The additions of James Madison and Marshall would cement that Virginias blueprint while giving the league 14 football-playing members.
Just as Marshall’s timeline involves some administrative decisions that have to be finalized, James Madison’s process also has its own to-do list due to the Dukes moving from FCS to FBS.
In Virginia, such a move has to be approved by the state commission due to a 2014 bill that limits the amount of student fees that can be used for athletics within divisions.
“The commission is made up of General Assembly members, so they’ve got to go to this committee and get anointed,” a source said. “Their board also has to meet, but they are absolutely committed to this.”
James Madison has called an emergency meeting for Friday morning, expected to be on the topic of joining the Sun Belt Conference.
While the moves seem like formalities at this point, another sticking point Marshall fans have questioned about a potential move to the Sun Belt was the uncertainty surrounding men’s soccer, which is currently not offered by the Sun Belt Conference.
Solidifying a home for Marshall’s national championship program was imperative if a move was to be made.
Clarity in that situation also came on Wednesday during Old Dominion’s announcement. ODU announced all sports would compete in the Sun Belt Conference except for rowing, lacrosse (AAC) and field hockey (Big East).
That means the Sun Belt Conference, which did not offer men’s soccer in 2021, will reinstate the sport after reaching the minimum number of teams for a conference to sponsor a sport (six).
Not only will men’s soccer be offered by the Sun Belt, but the quality of competition should be elite and could instantly be one of the nation’s top leagues.
In addition to Old Dominion, Marshall and James Madison — should they join — would offer a pair of national-caliber programs that have made noise at the NCAA level.
Coastal Carolina, a full Sun Belt member that joined Conference USA for men’s soccer in 2021, is another NCAA-caliber program.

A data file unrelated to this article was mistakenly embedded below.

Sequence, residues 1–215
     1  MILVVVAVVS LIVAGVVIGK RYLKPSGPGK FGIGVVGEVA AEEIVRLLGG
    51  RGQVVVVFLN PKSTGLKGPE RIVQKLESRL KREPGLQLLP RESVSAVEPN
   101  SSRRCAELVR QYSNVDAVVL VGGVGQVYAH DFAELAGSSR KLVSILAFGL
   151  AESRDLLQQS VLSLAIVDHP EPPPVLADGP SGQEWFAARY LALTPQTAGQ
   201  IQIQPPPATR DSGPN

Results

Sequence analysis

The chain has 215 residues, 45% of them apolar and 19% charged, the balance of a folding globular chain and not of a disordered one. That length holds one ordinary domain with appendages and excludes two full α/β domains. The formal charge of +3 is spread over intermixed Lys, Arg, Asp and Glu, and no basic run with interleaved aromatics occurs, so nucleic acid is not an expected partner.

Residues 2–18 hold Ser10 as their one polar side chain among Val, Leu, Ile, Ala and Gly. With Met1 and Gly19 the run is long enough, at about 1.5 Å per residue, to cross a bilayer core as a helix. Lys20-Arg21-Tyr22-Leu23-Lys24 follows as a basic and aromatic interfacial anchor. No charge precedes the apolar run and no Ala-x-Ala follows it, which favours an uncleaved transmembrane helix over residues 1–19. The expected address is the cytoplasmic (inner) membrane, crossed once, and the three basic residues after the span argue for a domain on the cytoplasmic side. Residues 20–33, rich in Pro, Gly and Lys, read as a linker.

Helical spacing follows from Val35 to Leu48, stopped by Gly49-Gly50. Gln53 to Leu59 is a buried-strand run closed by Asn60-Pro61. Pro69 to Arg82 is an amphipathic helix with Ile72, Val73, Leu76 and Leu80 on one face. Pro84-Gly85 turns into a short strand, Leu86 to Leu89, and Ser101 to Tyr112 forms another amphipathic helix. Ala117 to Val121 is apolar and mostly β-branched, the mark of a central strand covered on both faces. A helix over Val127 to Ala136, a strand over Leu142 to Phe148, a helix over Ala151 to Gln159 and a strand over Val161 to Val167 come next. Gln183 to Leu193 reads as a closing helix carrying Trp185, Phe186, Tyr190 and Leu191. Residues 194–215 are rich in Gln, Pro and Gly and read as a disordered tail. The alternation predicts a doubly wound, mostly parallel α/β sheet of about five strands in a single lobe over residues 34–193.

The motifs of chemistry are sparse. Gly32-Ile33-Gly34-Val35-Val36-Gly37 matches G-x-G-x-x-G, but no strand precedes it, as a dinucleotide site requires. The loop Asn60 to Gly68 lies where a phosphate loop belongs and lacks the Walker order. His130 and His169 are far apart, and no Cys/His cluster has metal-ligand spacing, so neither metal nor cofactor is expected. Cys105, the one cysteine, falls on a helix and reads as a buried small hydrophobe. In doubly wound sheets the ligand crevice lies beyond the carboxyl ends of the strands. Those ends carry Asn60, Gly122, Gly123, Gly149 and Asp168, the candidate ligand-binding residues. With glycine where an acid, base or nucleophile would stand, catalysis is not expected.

Full-sport members Georgia State and Georgia Southern, which currently play men’s soccer in the Mid-American Conference, can return to their home league as well.
There is also the possibility of the Sun Belt luring teams such as Kentucky and South Carolina — two SEC programs that currently play in Conference USA — to join for men’s soccer, which would be a coup for the league.
The Sun Belt could also make a play for West Virginia’s nationally ranked men’s soccer program, which is also in limbo with Conference USA’s fate.
The Mountaineers are slated to join Conference USA in 2022 after leaving the Mid-American Conference, but with the future of C-USA in doubt and the relationship between the staffs at Marshall and WVU, a move to the Sun Belt is feasible — especially if the Sun Belt stays true to limiting travel, which was a sticking point in comparisons between the Sun Belt and Conference USA.
“We were told in an internal meeting that the Sun Belt has promised to look at scheduling in all sports to try and limit East and West travel,” the source said. “That’s something that Conference USA did not do.
“This is all so new, but they have promised Marshall, ODU and Southern Miss. They know the travel problems they’ve had in Conference USA and they’ve promised to try and limit that.”
Once Marshall announces its presidential choice on Thursday, it is expected that Farrell will give an updated timeline on when a decision could come.
As it stands, Marshall is still in Conference USA along with UTEP, Louisiana Tech, Western Kentucky, Middle Tennessee and FIU.
There are rumors that C-USA is seeking to survive with the potential additions of several schools, many of which are in Texas and the southwest.
An inquiry for an interview request to Marshall President Jerome Gilbert was not immediately returned on Wednesday afternoon.